Fall Gardening Tips

This weekend has been beautiful in Edmonton. Actually the end of summer and beginning of fall has been absolute bliss in my books. I spent some time outside with my girls earlier in the garden and I realized that we are now officially in harvest mode.

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Many of our vegetables have been picked, our fall harvest is almost ready to go, then it will be time to pull out the shell of what is left and turn over the garden for another year.

If you still have a garden growing, here are some quick fall gardening tips to get the most out of your fall harvest:

Tomatoes: Clip any branches not containing tomatoes. The plants are using up their last bits of energy now and cutting any non-bearing branches away will make sure that the water and energy is being spent on growing and ripening the fruit. You will notice that many of the branches are already dying off as the plant tries to focus so removing these branches will aid in the process. Don’t clip the tomatoes too early in the season as it uses the additional branches to help support itself.

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Potatoes: Potatoes are ready once the flowers have bloomed (if there were any) and the plant starts dying back. If you notice that your plant has completely died back, get your potatoes out of the ground and prepare them for winter storage. Allow them to dry for a couple of days (you can lay them in the garden), then store them in a dark, cool place with good air flow.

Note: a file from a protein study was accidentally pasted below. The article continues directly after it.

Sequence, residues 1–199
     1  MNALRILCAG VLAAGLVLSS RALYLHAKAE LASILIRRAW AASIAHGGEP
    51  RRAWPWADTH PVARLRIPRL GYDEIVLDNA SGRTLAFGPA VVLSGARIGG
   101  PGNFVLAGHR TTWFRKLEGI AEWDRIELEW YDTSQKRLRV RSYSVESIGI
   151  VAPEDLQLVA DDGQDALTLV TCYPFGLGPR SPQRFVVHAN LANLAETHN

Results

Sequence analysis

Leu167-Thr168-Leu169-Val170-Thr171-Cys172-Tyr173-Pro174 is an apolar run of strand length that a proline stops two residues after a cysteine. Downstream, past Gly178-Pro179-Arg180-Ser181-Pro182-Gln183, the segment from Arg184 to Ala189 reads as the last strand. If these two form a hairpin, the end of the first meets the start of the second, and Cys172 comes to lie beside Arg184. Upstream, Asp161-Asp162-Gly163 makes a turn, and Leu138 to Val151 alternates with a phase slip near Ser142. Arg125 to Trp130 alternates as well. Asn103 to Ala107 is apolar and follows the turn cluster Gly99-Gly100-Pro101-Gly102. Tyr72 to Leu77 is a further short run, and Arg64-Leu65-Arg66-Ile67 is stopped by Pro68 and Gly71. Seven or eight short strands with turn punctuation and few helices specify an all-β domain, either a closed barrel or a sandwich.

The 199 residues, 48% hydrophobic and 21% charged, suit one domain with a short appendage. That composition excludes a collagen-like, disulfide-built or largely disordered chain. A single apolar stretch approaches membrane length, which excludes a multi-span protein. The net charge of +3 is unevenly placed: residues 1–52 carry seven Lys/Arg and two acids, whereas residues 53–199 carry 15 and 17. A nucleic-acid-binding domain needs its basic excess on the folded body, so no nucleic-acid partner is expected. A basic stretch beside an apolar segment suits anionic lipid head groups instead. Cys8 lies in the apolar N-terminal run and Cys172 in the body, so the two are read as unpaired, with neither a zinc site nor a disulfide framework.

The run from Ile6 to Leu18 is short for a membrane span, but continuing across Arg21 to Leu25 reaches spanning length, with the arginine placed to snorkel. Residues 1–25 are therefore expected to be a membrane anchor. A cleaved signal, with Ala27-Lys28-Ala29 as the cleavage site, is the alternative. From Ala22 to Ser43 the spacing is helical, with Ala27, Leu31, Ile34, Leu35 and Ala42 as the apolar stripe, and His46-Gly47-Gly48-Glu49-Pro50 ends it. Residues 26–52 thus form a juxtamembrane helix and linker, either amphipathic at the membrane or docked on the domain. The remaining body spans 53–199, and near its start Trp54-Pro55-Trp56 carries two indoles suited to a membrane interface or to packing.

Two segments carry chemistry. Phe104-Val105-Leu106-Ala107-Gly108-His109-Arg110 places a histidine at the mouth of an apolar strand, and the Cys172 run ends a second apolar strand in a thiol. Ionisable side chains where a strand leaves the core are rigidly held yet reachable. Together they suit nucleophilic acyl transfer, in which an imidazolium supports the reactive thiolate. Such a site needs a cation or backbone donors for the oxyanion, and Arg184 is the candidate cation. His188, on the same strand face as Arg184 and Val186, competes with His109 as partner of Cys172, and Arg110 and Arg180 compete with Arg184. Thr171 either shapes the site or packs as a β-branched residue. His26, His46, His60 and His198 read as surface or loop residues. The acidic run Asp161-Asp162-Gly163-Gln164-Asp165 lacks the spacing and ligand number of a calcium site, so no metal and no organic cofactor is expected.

Potatoes will keep for a long time, but you must make sure that you restrict all light to them, pack them loose with newspaper between rows, and check them every couple of weeks for signs of rot.

Donate your extras: If you have so much that you know it will go bad, drop by your local food bank as there are always families who could use fresh vegetables.

Sheri Landry
Sheri publishes, and writes at This Bird’s Day where she shares all of the thoughts in her head without the voices. Sticking mainly with content for Canadians, Sheri shares family stories, product information and anything that fits into her (and her family’s) daily activities.
Found in Fall, Gardening